The 1860 Band Profile

Gary Steel
8 May 2013

Formed from the chain-smoked ashes of Wellington’s Quincy Conserve, Malcolm Hayman’s unofficial training academy for session and touring pros, The 1860 Band was initially concurrent with the Quincys but eventually killed off its parent group when it proved the more popular of the two with pub patrons.

While Hayman continued with Captain Custard, The 1860 Band – whose name was imaginatively taken from the Lambton Quay tavern at which it held an extended Saturday afternoon residency – kept drinkers happy with a selection of jazz, funk and disco grooves, culminating in the release of their self-titled 1978 debut and swansong, now a very sought-after item by rare groove hunters the world over.

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The 1860 Band's sole album, from 1978.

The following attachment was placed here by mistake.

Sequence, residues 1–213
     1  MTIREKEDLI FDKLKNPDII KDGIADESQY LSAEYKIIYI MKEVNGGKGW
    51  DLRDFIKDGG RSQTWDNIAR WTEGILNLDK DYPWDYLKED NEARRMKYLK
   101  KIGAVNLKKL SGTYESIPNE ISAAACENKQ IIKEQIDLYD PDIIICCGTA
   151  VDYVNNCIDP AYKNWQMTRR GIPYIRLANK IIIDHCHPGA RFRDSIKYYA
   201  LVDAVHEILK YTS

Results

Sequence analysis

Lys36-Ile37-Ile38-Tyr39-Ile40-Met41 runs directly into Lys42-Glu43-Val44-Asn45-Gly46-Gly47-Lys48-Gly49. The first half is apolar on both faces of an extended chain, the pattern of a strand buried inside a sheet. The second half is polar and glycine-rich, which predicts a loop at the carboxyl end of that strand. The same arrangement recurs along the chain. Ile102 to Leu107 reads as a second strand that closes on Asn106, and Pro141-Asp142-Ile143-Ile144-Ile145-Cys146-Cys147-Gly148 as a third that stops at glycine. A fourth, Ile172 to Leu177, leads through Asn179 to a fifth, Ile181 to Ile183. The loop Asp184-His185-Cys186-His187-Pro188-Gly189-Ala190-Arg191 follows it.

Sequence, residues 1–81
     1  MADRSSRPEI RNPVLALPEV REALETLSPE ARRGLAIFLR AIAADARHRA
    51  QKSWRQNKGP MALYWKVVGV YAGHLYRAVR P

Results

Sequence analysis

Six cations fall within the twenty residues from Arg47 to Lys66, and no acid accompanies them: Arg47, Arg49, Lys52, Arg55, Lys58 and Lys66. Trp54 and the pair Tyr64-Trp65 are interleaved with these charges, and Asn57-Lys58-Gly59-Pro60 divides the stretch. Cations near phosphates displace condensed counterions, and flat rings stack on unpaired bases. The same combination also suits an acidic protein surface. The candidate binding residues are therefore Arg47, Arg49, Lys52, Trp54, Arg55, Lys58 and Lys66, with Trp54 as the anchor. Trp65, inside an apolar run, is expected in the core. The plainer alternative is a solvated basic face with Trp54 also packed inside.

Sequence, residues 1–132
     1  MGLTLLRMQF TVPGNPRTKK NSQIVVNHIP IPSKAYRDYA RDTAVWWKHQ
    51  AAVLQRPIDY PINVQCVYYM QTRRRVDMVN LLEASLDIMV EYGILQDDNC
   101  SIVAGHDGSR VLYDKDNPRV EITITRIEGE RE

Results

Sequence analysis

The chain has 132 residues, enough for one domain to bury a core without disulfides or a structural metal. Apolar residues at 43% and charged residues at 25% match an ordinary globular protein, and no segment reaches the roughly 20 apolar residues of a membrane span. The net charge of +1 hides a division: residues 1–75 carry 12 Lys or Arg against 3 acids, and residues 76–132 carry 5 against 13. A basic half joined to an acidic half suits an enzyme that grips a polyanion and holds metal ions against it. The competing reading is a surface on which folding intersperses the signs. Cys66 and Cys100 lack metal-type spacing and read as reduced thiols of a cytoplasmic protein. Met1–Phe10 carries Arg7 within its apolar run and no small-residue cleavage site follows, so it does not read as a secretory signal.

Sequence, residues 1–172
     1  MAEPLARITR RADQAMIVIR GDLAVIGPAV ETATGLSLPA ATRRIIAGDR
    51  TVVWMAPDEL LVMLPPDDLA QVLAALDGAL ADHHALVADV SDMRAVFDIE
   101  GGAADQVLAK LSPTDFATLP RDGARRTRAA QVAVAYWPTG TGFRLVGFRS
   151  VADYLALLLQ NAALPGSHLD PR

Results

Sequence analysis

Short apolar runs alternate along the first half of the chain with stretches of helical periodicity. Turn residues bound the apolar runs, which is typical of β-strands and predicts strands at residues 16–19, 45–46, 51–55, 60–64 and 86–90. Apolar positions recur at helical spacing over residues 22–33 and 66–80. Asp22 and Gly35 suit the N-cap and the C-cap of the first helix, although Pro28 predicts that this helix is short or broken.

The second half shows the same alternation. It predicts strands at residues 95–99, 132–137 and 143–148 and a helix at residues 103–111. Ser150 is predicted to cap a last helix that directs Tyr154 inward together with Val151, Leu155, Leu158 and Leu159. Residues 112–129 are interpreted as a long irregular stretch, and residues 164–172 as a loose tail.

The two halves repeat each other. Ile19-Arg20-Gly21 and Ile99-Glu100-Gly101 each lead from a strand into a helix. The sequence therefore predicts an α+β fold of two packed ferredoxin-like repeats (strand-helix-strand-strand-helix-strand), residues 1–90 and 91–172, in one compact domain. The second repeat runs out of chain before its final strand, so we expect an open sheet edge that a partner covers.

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The 1860 Band. At back, from left: Geoff Culverwell, Martin Winch, Rob Winch, Rodger Fox; in front: Billy Brown, Peter Blake. 
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Rodger Fox - trombone

Martin Winch - guitar

Peter Blake - keyboards

Billy Brown - drums

Rob Winch - bass

Geoff Culverwell - flugelhorn

Dave Pearson - bass

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The late Martin Winch hit it big later on in his career with the easy listening Espresso Guitar album in 2002, which hit No.1 on the local charts, and sold over 80,000 copies.

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